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Epidemiological investigation to assess environmental contributions to childhood blood lead levels

Benson, Stacey M (2014) Epidemiological investigation to assess environmental contributions to childhood blood lead levels. Doctoral Dissertation, University of Pittsburgh. (Unpublished)

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Reduction in childhood blood lead levels has been one of the most successful public health efforts in history. However, there is ongoing evidence that declines in cognition and social behavior occur at levels well below 10 µg/dL and the effects of lead exposure are irreversible. This body of work will address current and continuous sources of lead in the environment and its potential impact on childhood blood lead levels. Toxic Release Inventory (TRI) lead emissions and ambient air lead estimated by the National Air Toxics Assessment (NATA) were used to assess associations between environmental lead and childhood blood lead levels (n = 3,223) measured in the National Health and Nutrition Examination Survey (1999-2006). After adjustment (gender, race, age in months, percent pre-1950 housing, reference adult’s education, poverty income ratio, region and survey cycle) a 10,000 lb/mi2 increase in TRI resulted in a 1.13% (95%CI: 0.45, 1.81) increase in blood lead. Neither TRI nor NATA estimates were significantly associated with blood lead after adjusting for cotinine and floor lead dust.
Two additional studies were conducted with a specific focus on children living in Pennsylvania and New Jersey. The first study assessed if living within 3km of an airport was associated with elevated blood lead levels (n = 493,956). After adjustment for percent pre-1950 housing, poverty and race, gender, age in months, and industrial emissions, children living near an airport (n = 25,684) did not have a higher prevalence of elevated blood lead (≥ 5µg/dL) than children living further away. Finally, a geospatial regression was performed to determine the distribution of children with elevated blood lead levels (n = 855,291). Children living in large rural towns and isolated rural towns have a higher prevalence of elevated blood lead levels than urban areas after adjusting for percent male, pre-1950 housing, poverty, race, and industrial air lead emissions. Other sources such as neighborhood lead contamination and residential lead dust may contribute to childhood blood lead levels. The public health significance of these studies is to determine current sources of environmental lead so primary prevention programs can be implemented to further limit exposures in children.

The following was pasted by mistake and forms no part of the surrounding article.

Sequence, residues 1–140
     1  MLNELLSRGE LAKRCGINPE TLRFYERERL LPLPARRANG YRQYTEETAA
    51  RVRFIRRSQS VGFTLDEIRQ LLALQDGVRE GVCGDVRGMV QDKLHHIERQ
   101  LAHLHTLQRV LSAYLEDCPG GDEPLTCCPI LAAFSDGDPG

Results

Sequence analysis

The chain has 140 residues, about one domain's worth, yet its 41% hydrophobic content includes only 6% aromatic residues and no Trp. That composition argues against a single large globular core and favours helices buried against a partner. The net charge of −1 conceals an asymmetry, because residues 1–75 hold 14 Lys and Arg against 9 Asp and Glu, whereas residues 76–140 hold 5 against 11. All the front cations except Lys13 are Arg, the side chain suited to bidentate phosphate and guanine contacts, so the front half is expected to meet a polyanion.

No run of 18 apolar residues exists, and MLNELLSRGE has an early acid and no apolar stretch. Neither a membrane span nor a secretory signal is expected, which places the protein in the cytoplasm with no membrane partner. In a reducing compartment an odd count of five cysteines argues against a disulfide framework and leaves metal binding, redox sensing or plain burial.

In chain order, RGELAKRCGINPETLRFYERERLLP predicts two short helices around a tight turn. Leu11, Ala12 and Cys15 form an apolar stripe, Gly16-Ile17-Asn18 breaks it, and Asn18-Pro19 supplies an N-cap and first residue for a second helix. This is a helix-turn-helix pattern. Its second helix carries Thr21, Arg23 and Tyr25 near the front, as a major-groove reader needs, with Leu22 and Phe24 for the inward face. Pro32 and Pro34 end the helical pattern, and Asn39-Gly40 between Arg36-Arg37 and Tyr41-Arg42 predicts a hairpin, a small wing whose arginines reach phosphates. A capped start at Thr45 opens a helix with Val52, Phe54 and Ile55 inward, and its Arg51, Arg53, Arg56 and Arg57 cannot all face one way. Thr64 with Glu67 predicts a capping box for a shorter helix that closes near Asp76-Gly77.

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Item Type: University of Pittsburgh ETD
Status: Unpublished
CreatorsEmailPitt UsernameORCID
Benson, Stacey Msmb181@pitt.eduSMB181
ETD Committee:
TitleMemberEmail AddressPitt UsernameORCID
Committee ChairTalbott, Evelyn O.eot1@pitt.eduEOT1
Committee MemberBrink, Luann L.llb38@pitt.eduLLB38
Committee MemberMarsh, Gary M.gmarsh@pitt.eduGMARSH
Committee MemberSharma, Ravirks1946@pitt.eduRKS1946
Date: 29 September 2014
Date Type: Publication
Defense Date: 20 May 2014
Approval Date: 29 September 2014
Submission Date: 30 May 2014
Access Restriction: 5 year -- Restrict access to University of Pittsburgh for a period of 5 years.
Number of Pages: 120
Institution: University of Pittsburgh
Schools and Programs: Graduate School of Public Health > Epidemiology
Degree: PhD - Doctor of Philosophy
Thesis Type: Doctoral Dissertation
Refereed: Yes
Uncontrolled Keywords: lead childhood blood lead NHANES emissions environmental epidemiology
Date Deposited: 29 Sep 2014 21:30
Last Modified: 01 Jul 2019 05:15


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